For me, BLOW OUT has so much that's legitimately brilliant, I persist in loving it despite its flaws. I agree with Dennis Cozzalio that the first 20 minutes contain some of De Palma's best work ever. CO-ED FRENZY is a hilarious parody of early-'80s slashers. (I especially love the masturbating co-ed, and the glimpse in the mirror of the knife-wielding-yet-ridiculous-looking maniac.) In the next scene, I love how De Palma, with his jump cuts, isolates the labeled sounds on the instrument board. I also love the very funny dialogue and interplay between Jack and his crass director. ("Know any good screamers?" "I got a few ideas.") The VU-meter title presentation is one of the most thrilling uses EVER of such graphics. Then, the split-screen sequence is incredibly stimulating in its precision, the way De Palma (and Hirsch?) take care to maintain opposing visual scales on either side of the split (extreme close-ups of the sound equipment on the left; medium and long shots of people on the right; and the whole collage always popping, changing, evolving, with the sounds on the left often amusingly commenting on the people on the right). The sequence on the bridge is also stunning, with its thrilling use of De Palma's patented jump cuts to slowly disclose, and continuously expand, Travolta's (and our) understanding of the environment and the locations and sources of the various sounds.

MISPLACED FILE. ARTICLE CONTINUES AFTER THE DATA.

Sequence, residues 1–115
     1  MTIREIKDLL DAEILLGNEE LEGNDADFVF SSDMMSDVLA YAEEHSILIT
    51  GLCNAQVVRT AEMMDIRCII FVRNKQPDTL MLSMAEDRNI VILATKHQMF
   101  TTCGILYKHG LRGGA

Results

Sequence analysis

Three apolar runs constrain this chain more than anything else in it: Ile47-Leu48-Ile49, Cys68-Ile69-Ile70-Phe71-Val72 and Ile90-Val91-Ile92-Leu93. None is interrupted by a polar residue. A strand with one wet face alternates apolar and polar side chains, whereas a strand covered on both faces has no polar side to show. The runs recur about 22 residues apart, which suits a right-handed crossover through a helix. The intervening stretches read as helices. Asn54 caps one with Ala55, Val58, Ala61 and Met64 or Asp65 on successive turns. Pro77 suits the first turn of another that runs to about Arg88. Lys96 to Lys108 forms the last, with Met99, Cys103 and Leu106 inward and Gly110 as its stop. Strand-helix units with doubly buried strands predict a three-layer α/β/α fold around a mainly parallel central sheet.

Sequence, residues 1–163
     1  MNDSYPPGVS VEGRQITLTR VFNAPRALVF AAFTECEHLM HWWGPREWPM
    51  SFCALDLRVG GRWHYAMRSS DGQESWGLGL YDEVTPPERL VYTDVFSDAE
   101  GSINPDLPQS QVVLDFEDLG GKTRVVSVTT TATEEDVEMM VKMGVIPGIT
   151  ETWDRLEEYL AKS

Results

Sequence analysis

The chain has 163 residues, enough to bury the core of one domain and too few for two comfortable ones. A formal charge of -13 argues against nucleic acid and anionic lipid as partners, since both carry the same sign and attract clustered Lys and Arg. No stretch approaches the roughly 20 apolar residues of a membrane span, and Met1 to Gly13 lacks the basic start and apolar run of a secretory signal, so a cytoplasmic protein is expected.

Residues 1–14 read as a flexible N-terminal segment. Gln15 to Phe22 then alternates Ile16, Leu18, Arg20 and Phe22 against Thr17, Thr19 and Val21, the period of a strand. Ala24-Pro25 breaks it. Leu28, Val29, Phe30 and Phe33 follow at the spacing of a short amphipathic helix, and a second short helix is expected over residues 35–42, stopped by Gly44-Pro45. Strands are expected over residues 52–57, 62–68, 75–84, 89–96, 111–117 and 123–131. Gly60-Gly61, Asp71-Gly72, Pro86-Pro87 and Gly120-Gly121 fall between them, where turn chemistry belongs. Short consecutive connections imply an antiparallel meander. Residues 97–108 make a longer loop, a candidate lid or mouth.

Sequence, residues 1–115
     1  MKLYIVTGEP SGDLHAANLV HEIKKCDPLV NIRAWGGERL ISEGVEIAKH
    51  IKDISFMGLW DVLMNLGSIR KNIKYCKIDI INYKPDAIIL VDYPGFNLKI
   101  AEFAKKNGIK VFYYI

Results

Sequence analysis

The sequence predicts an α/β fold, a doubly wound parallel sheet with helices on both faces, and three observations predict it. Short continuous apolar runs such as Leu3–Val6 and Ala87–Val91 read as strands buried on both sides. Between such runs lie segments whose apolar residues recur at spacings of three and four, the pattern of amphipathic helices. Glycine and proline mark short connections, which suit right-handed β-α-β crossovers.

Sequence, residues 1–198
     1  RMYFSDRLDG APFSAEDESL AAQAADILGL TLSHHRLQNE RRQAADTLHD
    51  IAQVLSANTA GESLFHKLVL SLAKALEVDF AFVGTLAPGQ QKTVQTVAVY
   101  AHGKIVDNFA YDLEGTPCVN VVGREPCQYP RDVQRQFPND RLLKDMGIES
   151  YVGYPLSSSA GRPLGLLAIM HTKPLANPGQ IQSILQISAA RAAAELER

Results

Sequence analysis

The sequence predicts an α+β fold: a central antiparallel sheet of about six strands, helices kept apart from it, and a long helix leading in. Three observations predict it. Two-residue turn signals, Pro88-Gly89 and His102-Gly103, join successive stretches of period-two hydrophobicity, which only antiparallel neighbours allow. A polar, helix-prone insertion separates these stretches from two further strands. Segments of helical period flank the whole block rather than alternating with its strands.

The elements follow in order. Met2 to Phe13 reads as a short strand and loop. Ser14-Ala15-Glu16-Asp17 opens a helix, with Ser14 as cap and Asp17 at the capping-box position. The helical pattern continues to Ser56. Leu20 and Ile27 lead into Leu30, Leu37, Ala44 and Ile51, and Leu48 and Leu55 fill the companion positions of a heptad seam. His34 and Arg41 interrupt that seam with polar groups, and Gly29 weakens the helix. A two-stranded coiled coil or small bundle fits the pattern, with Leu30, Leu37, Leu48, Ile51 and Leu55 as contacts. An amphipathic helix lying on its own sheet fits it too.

But my biggest problem with the film is that the entire plot is specifically dependent on the stupidity of Nancy Allen's character. This is not a knock on Allen's often very funny, stylized, Judy Holliday-esque performance. And the character does become legitimately touching late in the game, when she finally admits that she has had a hand in murder, and wants to set things right. But the plot's contrivances begin, as Mr. Peel points out, with Travolta's illogical insistence on wiring Sally -- a course of action which previously led to disaster. Now, I think we might be inclined to give this a pass, on the grounds that Travolta is reenacting some sort of existential tragic flaw. But then, this contrivance is compounded by Sally's ignorance: She doesn't know what Frank Donahue looks like, since she doesn't watch the news ("It's too depressing"); hence, she can be handily fooled by an imposter. My problem is that THE PLOT ITSELF is utterly dependent on these TWO contrivances, working in tandem. Plus, I think the film would have more impact if Sally had been less an idiot, nattering incessantly about make-up and movie stars. Certainly Travolta's attraction to her would seem more plausible. As it is, I find it hard to believe that he's sincerely attracted to her; instead, it seems like he's manipulating her in order to get to the bottom of things, and I don't think that was the intention. Maybe Nancy Allen felt that playing Sally as a smart, street-wise cynic would have been too similar to her character in DRESSED TO KILL. And Mr. Peel makes a valid point about the danger of Sally's character seeming too similar to Jack's. (I remember reading De Palma's treatment for the script, then called PERSONAL EFFECTS, in the now defunct Canadian film magazine TAKE ONE. In the treatment, Sally's character wasn't ditzy at all.)